Most genetic interpretation services only report a few detoxification genes, such as two or three of the Glutathione-S-Transferase (GST) genes (of which there are many, plus numerous other glutathione related genes), or they focus only on the MTHFR gene as a primary component of detoxification (which is one gene in the entire methylation pathway, which is one of the phase 2 liver detoxification pathways). These limited numbers of genes are completely incapable of giving us the full picture of our detoxification abilities!
As I stated earlier, the interpretation software that I use maps out genes in the entire glutathione pathway, numerous other antioxidants and their pathways, bile-related genes, all the phase 1 CYP genes, and many of the genes within each of the five phase 2 detoxification pathways.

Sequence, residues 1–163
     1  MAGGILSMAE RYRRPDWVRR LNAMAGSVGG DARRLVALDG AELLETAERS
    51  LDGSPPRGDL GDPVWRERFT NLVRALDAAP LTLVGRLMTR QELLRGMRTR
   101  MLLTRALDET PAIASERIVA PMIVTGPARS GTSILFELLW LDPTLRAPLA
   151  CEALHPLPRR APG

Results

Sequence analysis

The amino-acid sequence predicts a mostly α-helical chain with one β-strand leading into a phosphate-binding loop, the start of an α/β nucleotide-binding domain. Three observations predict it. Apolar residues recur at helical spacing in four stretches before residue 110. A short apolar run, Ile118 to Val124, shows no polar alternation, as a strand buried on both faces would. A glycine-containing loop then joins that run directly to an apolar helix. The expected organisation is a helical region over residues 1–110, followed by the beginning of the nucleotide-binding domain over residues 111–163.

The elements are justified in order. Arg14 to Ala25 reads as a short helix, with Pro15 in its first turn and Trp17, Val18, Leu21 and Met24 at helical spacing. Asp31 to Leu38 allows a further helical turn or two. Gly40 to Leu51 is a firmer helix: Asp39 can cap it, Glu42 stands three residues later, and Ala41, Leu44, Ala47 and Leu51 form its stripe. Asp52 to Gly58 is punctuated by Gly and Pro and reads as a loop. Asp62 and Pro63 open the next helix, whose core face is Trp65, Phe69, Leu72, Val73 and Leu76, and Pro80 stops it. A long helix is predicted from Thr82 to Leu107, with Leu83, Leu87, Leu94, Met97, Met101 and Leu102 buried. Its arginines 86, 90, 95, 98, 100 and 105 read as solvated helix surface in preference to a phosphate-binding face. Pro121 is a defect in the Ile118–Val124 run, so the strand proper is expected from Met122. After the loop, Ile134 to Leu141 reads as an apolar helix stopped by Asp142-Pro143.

Not All Reports and Genetic Interpretation Services Are the Same.
Also, almost all interpretation services merely ‘spit out’ automated reports with canned responses. They do not have a live human giving thoughtful consideration to your specific genetic profile based upon your current diet, lifestyle, supplements, recent lab work, and protocols. The automated response for one genetic variant can directly contradict the information that is generated for another genetic variant that we may have. This can cause ‘analysis paralysis’ for the consumer.
Just as there is no magic supplement or diet for everyone, there is no detox method or protocol that works for everyone. Everyone’s genes are just too varied. If you want to save time, money, and the potential for feeling lousy and causing more inflammation, explore your genetics before embarking on a detox.
Interested in learning about your genetic profile?
View the webinar – Deep Dive: Understanding Genetics to Build your Personalized Road to Health